Record-Chasing Serena Williams To Meet Teen Bianca Andreescu In US Open Final
US Open: Serena Williams, who is seeking a 24th Grand Slam singles title to match Margaret Court's all-time record, brushed aside fifth seed Elina Svitolina 6-3, 6-1.
Serena Williams through to US Open women's singles final
Serena Williams beat Elina Svitolina 6-3, 6-1
Serena Williams is seeking a 24th Grand Slam singles title
Serena Williams cruised into a 10th US Open final Thursday as she brushed aside fifth seed Elina Svitolina 6-3, 6-1 to claim a record-equaling 101st win at Flushing Meadows. Serena Williams is seeking a 24th Grand Slam singles title to match Margaret Court's all-time record and will face Bianca Andreescu, who beat Belinda Bencic in the other semi-final, on Saturday in her bid for a record seventh US Open triumph. The 37-year-old American, who made her US Open debut in 1998, drew level with Chris Evert for the most wins in tournament history after advancing to a 33rd major final.
"It's impressive. To be in any club with Chrissie is awesome," said Serena Williams, who lifted her first Grand Slam title at the 1999 US Open.
"I couldn't have done it without this crowd. You guys have literally been here for 20 years and I'm still here."
Serena Williams fought off six break points across her opening three service games before finding her rhythm to dispatch Wimbledon semi-finalist Svitolina in 70 minutes, hitting 34 winners against just 20 unforced errors.
"I know how (Svitolina) can play, she's such a good player. Obviously two semis in a row is really hard to do and I just wanted to not get off to a slow start and I wanted to hang on in there."
Serena Williams, who was beaten by Simona Halep in the Wimbledon final in July, returns to the championship match in New York a year on from her infamous meltdown in a loss to Naomi Osaka overshadowed by controversy.
She is chasing a first Slam title since the 2017 Australian Open and hasn't won the US Open since 2014.
Svitolina, 24, was attempting to become just the second Ukrainian to play in a Grand Slam singles final after Andrei Medvedev, who lost in five sets to Andre Agassi at the 1999 French Open.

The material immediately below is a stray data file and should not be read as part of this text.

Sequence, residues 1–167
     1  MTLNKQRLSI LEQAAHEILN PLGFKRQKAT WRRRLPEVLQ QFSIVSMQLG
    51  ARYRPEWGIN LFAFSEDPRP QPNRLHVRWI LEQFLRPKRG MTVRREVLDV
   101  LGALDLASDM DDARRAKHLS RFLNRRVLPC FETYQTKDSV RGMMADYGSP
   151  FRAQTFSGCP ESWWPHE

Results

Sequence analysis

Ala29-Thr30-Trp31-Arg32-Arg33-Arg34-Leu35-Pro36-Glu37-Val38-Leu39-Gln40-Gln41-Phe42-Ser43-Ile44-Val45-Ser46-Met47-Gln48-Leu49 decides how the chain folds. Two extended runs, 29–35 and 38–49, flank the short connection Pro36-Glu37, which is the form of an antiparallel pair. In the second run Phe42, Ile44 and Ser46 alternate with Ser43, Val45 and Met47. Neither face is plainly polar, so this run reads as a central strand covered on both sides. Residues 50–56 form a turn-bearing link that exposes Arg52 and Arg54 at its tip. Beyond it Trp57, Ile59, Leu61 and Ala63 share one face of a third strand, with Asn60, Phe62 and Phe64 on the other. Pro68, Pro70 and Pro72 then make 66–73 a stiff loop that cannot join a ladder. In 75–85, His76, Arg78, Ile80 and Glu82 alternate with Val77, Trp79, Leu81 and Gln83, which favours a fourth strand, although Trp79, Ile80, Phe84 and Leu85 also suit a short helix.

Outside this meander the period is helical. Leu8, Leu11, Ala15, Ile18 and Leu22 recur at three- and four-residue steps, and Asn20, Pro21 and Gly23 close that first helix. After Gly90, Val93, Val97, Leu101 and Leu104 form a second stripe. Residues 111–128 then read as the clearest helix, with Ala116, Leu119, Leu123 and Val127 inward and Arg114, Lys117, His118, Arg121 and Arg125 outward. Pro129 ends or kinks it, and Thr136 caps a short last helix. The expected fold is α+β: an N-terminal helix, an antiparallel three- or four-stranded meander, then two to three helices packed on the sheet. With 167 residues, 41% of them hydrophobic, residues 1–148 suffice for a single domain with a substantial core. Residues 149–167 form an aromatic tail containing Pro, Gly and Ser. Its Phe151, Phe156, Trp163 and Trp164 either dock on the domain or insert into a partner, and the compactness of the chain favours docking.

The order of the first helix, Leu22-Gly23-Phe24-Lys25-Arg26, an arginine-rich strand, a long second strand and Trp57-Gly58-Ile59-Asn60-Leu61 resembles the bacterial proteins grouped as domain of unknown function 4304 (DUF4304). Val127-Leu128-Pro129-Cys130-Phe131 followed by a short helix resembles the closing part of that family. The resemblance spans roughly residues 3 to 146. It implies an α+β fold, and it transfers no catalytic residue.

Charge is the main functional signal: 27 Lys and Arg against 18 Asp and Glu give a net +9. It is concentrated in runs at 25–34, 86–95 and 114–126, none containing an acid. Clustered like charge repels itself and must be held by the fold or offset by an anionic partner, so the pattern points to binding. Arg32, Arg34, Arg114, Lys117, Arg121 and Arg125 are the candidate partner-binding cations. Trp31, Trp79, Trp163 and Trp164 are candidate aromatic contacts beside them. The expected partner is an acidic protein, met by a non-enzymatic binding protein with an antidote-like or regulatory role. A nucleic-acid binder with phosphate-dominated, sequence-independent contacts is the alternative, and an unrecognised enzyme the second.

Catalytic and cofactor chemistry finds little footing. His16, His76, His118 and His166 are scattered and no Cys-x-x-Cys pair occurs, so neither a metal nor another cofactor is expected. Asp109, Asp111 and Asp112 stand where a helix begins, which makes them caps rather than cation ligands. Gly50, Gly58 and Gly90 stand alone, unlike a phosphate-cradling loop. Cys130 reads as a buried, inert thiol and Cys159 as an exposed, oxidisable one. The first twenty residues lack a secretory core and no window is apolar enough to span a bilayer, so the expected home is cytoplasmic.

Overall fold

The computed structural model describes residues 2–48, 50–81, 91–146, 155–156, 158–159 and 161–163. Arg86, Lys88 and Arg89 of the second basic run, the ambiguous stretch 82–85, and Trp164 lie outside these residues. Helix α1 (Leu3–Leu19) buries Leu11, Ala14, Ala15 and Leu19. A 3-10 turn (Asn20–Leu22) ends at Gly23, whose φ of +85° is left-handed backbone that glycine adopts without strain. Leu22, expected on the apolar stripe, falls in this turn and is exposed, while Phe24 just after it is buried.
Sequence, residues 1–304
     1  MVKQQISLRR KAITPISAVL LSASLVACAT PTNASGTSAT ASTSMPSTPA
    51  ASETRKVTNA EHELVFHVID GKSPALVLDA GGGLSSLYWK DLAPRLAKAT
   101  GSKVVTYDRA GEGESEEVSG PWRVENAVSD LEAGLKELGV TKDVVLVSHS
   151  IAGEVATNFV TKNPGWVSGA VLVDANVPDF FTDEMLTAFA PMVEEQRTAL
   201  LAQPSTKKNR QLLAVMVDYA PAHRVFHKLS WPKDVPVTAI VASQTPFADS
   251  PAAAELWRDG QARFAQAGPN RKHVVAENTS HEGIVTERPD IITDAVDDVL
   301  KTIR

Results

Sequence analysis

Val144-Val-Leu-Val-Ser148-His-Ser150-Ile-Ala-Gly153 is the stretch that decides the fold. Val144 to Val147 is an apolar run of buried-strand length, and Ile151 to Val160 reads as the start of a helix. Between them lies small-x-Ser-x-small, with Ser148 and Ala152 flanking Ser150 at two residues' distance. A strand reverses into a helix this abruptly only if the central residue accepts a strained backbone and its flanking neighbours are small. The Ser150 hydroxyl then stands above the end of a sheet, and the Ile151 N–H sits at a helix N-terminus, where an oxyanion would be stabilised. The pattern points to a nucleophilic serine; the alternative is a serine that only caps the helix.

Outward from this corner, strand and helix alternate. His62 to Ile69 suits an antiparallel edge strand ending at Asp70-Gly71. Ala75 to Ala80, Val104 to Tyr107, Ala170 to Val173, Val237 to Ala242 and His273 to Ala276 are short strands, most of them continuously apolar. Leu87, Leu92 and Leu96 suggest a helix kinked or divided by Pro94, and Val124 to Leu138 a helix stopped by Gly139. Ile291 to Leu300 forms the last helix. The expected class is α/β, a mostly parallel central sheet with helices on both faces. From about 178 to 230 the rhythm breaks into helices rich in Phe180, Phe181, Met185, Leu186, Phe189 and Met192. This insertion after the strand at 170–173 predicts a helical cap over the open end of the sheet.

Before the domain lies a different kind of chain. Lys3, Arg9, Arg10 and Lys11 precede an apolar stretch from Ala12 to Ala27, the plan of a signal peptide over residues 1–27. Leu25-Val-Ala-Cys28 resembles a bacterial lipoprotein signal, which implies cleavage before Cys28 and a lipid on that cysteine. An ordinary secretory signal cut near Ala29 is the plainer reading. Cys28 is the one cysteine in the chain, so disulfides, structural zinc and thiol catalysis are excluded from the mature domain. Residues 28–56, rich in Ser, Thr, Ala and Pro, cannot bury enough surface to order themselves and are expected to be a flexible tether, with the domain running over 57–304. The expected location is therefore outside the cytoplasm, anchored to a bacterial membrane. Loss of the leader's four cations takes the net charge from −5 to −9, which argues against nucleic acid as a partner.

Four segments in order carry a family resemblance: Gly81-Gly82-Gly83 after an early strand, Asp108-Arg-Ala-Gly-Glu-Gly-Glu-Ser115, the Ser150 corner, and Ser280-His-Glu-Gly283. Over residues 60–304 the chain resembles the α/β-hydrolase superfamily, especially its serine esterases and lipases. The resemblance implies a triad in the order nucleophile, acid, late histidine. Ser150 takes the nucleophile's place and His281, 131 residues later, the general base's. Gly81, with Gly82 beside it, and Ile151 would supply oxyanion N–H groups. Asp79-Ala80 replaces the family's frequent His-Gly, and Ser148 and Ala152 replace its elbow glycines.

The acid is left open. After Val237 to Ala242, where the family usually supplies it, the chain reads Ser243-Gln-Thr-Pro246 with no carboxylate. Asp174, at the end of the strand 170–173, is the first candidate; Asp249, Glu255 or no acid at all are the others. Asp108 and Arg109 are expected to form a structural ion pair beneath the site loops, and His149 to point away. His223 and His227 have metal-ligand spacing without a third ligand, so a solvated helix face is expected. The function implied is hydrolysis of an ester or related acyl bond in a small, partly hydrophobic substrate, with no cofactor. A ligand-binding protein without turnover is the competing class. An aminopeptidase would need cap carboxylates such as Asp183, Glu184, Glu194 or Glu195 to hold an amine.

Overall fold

Svitolina, who accounted for two-time former US Open champion Venus Williams and 2017 runner-up Madison Keys en route to the last four, put Williams under early pressure at Arthur Ashe Stadium but wilted as her rival hit her groove.
After carving out three break points in the opening game, Svitlona promptly dropped her own serve, with three more opportunities to hit back passing her by in game five as the vastly more experienced Williams dominated the key points.
"On the important moments, she step up, always step up, always brings her best game," Svitolina said.
"She knows what she has to do. She has unbelievable strength. She gives lots of power. There's lots of power behind her shots all the time. That's what makes her unbelievable, legendary tennis player."
Williams backed up a quarter-final statement win over Wang by defeating Svitolina for the fifth time in six attempts, avenging her loss at the 2016 Olympics in their most recent encounter.
She has featured at more Slams (73) than the other three semi-finalists combined. Williams also now owns the largest gap between first Slam final appearance and most recent -- at 19 years and 362 days.
Swiss 13th seed Bencic and Canadian teen Andreescu, the 15th seed, contest the other last-four clash in a meeting between two first-time Slam semi-finalists.
No Swiss woman has won a Grand Slam singles title since Martina Hingis captured the 1999 Australian Open, while 19-year-old Andreescu is trying to become the first Canadian singles Grand Slam champion.
Bencic, 22, has battled back from 2017 left wrist surgery and other injuries that slowed her career for most of two seasons, winning her third WTA title in February at Dubai.
Andreescu also hopes to become the fourth first-time Slam champion in five years to win the US Open women's title.